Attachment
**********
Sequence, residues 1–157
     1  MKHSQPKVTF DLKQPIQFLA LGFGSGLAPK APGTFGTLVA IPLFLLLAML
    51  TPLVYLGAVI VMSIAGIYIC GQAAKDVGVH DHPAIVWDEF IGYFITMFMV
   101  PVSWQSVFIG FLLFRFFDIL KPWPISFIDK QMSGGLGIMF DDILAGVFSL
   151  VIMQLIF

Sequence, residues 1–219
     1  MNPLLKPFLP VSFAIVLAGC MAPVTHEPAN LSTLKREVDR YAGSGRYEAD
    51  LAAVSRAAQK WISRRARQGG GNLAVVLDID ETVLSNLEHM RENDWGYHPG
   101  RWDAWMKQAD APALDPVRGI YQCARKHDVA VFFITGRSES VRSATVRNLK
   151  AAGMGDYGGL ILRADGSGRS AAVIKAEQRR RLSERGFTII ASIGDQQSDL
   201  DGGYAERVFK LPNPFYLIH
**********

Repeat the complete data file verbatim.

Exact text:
Sequence, residues 1–157
     1  MKHSQPKVTF DLKQPIQFLA LGFGSGLAPK APGTFGTLVA IPLFLLLAML
    51  TPLVYLGAVI VMSIAGIYIC GQAAKDVGVH DHPAIVWDEF IGYFITMFMV
   101  PVSWQSVFIG FLLFRFFDIL KPWPISFIDK QMSGGLGIMF DDILAGVFSL
   151  VIMQLIF

Sequence, residues 1–219
     1  MNPLLKPFLP VSFAIVLAGC MAPVTHEPAN LSTLKREVDR YAGSGRYEAD
    51  LAAVSRAAQK WISRRARQGG GNLAVVLDID ETVLSNLEHM RENDWGYHPG
   101  RWDAWMKQAD APALDPVRGI YQCARKHDVA VFFITGRSES VRSATVRNLK
   151  AAGMGDYGGL ILRADGSGRS AAVIKAEQRR RLSERGFTII ASIGDQQSDL
   201  DGGYAERVFK LPNPFYLIH